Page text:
dock with a paved road up to the slip.
For several miles after passing the Alligator Lake Marina, US 64 has a
drainage canal on the south side of the roadway that is usually wet. Going
further west reveals the canal is still there to handle the heavy rains when
tropical storms come this way. This section of the highway is similar to
many roads in Central Florida between Melbourne and Saint Cloud, Florida.
This Seafood Market on the East side of Columbia, North Carolina is where
US 64 becomes FOUR LANES as it enters the town. At the right side of this
image is large metal shrimp by one entrance to this business.
This is the main intersection in the town of Columbia, North Carolina. You can use
Google Earth to explore anything along this route we used today. Turn right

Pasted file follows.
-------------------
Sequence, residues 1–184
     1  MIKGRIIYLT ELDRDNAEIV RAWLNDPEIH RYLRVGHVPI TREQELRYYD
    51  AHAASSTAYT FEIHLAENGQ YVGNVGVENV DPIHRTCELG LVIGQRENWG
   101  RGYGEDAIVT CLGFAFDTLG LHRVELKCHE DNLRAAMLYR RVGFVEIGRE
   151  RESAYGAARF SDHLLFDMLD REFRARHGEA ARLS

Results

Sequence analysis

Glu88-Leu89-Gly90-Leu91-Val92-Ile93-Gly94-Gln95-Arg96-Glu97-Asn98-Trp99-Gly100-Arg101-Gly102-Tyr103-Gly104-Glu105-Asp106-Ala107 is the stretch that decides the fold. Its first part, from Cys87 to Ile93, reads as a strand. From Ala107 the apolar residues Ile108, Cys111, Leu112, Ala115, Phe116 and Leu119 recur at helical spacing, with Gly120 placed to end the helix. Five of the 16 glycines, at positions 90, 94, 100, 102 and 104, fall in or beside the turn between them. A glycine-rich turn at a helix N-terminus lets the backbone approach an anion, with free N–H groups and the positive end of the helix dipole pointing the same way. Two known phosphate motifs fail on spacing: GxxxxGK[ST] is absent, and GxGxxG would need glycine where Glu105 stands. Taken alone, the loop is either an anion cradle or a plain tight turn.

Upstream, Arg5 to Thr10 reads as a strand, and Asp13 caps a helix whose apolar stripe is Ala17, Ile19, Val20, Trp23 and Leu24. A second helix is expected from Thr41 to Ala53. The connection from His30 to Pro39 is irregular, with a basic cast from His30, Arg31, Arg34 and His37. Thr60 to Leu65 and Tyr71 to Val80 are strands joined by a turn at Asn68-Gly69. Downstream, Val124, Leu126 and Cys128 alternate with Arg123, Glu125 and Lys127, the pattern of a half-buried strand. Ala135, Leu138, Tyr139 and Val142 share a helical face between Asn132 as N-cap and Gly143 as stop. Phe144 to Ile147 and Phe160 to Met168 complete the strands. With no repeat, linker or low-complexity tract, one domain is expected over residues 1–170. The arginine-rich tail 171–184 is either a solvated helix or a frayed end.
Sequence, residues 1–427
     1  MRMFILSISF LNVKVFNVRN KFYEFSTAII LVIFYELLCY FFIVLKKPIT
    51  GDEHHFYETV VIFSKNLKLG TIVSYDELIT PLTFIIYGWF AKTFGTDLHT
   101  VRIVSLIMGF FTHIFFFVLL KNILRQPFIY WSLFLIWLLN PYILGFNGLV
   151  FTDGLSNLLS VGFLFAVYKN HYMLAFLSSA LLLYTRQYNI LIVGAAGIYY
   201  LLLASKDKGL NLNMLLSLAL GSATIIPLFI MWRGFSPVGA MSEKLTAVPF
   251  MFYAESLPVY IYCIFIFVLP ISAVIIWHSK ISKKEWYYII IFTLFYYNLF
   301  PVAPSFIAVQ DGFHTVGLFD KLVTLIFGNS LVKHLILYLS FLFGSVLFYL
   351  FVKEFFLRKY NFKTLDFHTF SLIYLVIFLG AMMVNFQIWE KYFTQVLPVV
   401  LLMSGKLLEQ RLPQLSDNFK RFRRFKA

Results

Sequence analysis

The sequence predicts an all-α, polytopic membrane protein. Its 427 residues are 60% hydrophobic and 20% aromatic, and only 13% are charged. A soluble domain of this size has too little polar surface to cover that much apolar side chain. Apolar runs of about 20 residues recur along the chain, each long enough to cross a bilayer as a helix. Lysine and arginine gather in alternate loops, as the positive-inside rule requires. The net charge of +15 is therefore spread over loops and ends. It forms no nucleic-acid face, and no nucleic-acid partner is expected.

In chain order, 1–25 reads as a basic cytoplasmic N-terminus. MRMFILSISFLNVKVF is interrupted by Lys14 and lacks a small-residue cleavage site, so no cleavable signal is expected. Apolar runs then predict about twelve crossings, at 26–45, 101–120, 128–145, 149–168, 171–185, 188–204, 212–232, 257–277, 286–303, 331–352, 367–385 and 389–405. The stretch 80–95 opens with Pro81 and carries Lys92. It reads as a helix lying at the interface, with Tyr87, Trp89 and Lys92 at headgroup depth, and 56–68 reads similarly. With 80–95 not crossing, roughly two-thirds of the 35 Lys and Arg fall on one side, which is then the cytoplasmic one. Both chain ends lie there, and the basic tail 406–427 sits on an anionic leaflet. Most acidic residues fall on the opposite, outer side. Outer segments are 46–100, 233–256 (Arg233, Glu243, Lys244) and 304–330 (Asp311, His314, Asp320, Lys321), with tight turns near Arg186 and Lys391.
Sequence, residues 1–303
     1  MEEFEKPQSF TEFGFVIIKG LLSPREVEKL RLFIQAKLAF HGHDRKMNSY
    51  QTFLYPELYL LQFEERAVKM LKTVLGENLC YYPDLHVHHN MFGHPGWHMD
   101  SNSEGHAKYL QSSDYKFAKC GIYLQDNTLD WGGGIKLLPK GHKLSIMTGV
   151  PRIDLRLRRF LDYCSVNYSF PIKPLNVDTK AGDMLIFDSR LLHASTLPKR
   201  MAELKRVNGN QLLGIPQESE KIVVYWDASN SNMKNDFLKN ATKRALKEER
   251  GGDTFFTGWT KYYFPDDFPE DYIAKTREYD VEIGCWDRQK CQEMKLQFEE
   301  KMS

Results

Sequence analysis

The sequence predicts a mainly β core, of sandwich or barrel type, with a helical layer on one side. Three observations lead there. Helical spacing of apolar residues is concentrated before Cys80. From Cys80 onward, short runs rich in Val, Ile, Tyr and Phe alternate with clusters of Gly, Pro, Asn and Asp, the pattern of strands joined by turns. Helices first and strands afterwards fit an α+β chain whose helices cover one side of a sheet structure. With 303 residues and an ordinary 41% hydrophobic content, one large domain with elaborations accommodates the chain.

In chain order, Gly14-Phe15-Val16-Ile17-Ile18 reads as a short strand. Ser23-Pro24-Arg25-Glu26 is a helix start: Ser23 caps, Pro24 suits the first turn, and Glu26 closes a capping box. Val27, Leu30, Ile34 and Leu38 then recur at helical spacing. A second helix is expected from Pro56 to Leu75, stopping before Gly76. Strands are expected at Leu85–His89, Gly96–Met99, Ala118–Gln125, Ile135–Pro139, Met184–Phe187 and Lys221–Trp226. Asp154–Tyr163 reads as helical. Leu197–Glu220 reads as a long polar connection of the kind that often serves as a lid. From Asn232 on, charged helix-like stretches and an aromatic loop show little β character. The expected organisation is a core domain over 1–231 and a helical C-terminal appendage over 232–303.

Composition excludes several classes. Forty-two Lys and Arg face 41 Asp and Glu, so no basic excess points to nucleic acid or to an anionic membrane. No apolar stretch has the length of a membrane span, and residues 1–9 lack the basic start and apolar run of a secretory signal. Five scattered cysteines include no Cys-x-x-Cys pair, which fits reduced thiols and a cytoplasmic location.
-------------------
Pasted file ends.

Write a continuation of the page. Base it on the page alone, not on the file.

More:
and go 2 blocks to the old US 64 route through the original business
district. US 64 going west is straight ahead. There is a winery on
the right side of the road just before the bridge ahead.
Now that you have seen the sign with the name of the river, a scuppernong is a
member of the family of grapes that grows wild in the southeastern states from
Virginia to Florida. A high-school friend of mine has a vineyard in South
Georgia and produces very nice wine. She showed me how they make it in a modern
facility. This is the last place that is very close to the Albemarle
Sound. We reached this bridge at 5:14 PM.
This intersection of NC 32 with US 64 is near downtown Plymouth, North
Carolina. I called on the CATV system operator when I worked as the
regional engineer in my first job after I got out of the US Army. He had a